Nutritional effects on T-cell immunometabolism.

Thumbnail Image



Journal Title

Journal ISSN

Volume Title

Repository Usage Stats


Citation Stats


T cells are highly influenced by nutrient uptake from their environment, and changes in overall nutritional status, such as malnutrition or obesity, can result in altered T-cell metabolism and behavior. In states of severe malnutrition or starvation, T-cell survival, proliferation, and inflammatory cytokine production are all decreased, as is T-cell glucose uptake and metabolism. The altered T-cell function and metabolism seen in malnutrition is associated with altered adipokine levels, most particularly decreased leptin. Circulating leptin levels are low in malnutrition, and leptin has been shown to be a key link between nutrition and immunity. The current view is that leptin signaling is required to upregulate activated T-cell glucose metabolism and thereby fuel T-cell activation. In the setting of obesity, T cells have been found to have a key role in promoting the recruitment of inflammatory macrophages to adipose depots along with the production of inflammatory cytokines that promote the development of insulin resistance leading to diabetes. Deletion of T cells, key T-cell transcription factors, or pro-inflammatory T-cell cytokines prevents insulin resistance in obesity and underscores the importance of T cells in obesity-associated inflammation and metabolic disease. Altogether, T cells have a critical role in nutritional immunometabolism.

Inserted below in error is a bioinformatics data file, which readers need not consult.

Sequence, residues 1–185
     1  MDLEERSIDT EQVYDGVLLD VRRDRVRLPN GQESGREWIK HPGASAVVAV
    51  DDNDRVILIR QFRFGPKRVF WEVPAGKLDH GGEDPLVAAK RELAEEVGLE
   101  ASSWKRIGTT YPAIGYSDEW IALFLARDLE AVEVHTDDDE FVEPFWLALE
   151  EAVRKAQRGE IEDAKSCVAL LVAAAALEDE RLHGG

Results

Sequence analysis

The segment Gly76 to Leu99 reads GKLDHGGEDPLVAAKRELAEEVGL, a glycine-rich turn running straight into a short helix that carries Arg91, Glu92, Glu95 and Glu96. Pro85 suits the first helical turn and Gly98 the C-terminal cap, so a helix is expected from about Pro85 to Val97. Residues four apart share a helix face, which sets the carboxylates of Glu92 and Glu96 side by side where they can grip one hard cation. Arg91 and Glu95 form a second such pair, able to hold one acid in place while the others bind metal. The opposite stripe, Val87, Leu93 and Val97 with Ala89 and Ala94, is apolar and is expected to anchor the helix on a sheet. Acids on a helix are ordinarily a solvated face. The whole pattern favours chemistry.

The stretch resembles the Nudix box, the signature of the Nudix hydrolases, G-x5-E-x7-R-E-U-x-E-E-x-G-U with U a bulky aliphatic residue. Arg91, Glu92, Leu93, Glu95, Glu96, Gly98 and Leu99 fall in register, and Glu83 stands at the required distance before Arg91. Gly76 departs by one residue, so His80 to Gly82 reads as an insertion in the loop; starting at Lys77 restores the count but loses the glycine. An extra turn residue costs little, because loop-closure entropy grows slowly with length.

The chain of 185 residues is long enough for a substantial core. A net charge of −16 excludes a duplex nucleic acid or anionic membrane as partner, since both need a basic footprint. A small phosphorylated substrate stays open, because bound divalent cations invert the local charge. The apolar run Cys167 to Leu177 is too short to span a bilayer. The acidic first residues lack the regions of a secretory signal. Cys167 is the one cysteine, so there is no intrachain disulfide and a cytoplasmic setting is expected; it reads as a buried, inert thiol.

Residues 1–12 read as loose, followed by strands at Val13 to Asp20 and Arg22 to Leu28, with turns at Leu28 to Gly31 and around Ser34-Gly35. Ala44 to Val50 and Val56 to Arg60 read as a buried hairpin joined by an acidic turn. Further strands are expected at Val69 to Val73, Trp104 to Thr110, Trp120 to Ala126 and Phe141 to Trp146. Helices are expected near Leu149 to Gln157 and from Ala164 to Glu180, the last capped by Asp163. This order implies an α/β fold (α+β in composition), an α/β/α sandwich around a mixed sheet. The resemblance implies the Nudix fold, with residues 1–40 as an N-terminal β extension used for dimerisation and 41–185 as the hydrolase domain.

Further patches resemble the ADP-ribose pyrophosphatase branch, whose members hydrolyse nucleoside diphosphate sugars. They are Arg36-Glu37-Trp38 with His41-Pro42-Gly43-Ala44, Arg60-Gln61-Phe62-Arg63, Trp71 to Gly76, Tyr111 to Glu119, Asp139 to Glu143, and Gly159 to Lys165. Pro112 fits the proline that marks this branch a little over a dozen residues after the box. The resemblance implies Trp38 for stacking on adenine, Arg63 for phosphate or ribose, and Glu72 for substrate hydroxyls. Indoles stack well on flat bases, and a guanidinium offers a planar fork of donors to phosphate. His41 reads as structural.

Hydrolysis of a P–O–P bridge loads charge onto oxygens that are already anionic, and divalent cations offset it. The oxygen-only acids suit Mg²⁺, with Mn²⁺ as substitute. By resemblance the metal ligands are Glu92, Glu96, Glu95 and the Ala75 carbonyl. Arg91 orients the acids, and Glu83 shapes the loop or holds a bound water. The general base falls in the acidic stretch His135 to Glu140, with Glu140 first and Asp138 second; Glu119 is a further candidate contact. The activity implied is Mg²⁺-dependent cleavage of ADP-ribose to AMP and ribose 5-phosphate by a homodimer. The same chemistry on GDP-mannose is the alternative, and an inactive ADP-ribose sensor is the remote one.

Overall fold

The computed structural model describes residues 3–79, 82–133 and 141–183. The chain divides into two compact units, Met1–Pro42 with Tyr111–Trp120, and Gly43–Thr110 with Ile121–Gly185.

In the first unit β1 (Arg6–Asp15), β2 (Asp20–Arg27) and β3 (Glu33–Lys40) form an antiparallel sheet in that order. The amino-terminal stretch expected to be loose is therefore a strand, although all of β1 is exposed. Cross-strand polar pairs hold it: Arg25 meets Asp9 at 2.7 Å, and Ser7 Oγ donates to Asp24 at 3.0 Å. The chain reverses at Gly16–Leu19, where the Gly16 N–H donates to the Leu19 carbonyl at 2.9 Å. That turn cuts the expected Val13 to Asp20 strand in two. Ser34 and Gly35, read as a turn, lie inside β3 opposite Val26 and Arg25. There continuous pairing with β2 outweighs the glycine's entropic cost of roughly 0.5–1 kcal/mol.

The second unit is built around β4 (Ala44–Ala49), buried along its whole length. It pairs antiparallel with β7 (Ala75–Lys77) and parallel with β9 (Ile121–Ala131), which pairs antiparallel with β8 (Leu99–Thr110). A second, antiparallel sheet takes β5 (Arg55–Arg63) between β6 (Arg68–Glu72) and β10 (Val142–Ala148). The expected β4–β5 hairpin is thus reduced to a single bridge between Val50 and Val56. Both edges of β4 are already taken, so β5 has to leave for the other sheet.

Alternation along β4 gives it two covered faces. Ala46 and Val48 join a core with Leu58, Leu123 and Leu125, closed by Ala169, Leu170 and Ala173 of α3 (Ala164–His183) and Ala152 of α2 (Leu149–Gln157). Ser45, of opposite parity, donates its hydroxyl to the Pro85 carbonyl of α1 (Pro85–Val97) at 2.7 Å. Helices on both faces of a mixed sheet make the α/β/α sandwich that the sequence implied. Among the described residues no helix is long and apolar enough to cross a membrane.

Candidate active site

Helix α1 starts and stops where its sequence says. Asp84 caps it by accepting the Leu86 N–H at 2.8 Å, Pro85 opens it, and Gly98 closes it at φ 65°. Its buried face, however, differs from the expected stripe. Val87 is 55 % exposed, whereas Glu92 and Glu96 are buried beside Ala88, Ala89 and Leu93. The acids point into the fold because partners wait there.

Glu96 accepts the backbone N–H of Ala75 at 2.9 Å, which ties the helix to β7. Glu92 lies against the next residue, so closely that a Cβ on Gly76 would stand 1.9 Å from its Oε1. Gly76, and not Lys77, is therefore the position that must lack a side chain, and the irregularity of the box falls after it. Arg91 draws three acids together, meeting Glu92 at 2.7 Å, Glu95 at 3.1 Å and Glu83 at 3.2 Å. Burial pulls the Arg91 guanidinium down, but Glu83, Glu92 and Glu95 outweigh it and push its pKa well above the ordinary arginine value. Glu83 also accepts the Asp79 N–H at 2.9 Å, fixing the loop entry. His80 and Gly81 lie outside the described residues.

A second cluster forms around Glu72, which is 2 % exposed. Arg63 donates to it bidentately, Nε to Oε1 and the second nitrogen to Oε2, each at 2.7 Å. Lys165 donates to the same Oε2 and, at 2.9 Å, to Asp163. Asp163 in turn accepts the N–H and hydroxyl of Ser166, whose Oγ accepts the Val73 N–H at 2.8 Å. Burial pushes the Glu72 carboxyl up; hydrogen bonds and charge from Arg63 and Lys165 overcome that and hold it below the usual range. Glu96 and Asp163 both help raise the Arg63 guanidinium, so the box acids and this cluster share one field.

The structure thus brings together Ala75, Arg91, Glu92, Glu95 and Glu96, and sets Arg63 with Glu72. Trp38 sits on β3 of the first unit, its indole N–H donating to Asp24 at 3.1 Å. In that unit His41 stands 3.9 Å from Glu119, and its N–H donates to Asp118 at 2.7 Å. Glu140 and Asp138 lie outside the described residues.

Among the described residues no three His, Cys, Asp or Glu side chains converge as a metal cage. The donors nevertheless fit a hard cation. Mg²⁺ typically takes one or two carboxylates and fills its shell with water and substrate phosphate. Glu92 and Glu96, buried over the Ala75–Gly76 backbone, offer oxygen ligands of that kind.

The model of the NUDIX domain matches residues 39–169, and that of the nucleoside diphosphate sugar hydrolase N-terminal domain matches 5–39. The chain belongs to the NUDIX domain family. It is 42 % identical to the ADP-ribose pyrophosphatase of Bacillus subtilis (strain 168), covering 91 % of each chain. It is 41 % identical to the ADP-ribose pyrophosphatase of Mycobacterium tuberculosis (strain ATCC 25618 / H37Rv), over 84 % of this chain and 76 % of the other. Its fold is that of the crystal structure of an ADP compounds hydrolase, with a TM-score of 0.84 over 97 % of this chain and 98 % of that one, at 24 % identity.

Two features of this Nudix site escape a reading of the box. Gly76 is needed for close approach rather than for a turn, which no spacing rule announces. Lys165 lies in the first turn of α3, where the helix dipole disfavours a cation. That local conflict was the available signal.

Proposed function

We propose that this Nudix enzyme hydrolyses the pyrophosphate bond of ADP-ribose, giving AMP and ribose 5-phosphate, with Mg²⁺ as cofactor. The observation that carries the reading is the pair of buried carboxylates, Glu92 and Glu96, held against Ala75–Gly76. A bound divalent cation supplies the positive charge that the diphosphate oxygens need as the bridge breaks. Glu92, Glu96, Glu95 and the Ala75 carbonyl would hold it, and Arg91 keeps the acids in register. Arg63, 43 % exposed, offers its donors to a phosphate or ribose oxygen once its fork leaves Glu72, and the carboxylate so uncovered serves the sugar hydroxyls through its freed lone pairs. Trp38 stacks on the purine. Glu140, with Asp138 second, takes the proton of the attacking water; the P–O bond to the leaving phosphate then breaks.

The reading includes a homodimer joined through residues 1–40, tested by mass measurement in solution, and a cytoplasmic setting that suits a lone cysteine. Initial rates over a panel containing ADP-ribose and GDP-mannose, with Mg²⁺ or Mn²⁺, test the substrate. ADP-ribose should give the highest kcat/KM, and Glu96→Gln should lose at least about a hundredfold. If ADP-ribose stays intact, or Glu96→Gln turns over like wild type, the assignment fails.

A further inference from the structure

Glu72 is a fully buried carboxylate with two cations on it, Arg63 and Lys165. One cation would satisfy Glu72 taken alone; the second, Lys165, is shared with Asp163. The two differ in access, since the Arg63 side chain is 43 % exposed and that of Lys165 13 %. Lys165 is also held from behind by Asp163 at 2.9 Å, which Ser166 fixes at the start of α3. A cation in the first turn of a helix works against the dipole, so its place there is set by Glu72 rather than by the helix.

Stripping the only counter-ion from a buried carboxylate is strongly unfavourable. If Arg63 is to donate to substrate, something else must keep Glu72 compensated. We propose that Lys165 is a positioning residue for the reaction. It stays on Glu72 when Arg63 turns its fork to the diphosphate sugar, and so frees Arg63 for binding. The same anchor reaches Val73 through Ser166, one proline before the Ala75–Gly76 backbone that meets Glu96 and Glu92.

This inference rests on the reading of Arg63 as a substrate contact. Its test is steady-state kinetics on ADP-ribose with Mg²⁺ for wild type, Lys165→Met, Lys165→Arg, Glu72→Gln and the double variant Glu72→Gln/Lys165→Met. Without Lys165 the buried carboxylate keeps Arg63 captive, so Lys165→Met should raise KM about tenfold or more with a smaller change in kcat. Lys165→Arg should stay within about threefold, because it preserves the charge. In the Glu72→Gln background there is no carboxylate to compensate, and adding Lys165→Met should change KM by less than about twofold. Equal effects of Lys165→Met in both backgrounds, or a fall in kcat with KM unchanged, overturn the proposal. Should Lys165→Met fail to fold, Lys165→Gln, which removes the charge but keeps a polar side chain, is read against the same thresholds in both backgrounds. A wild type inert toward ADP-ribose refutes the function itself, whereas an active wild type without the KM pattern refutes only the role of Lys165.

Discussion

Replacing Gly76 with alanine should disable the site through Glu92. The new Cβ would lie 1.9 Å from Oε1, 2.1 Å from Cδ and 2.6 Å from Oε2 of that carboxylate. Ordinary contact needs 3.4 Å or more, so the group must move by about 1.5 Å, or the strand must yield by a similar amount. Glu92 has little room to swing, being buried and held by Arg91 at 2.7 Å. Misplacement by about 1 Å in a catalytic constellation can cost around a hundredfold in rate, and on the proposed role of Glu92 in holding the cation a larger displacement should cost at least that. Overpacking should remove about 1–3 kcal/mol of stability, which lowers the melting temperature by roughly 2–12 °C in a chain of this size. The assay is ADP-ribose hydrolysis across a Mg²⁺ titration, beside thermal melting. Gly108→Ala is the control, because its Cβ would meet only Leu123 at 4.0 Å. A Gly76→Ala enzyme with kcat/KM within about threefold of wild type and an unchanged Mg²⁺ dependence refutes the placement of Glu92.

Published Version (Please cite this version)


Publication Info

Cohen, Sivan, Keiko Danzaki and Nancie J MacIver (2017). Nutritional effects on T-cell immunometabolism. Eur J Immunol. 10.1002/eji.201646423 Retrieved from

This is constructed from limited available data and may be imprecise. To cite this article, please review & use the official citation provided by the journal.

Unless otherwise indicated, scholarly articles published by Duke faculty members are made available here with a CC-BY-NC (Creative Commons Attribution Non-Commercial) license, as enabled by the Duke Open Access Policy. If you wish to use the materials in ways not already permitted under CC-BY-NC, please consult the copyright owner. Other materials are made available here through the author’s grant of a non-exclusive license to make their work openly accessible.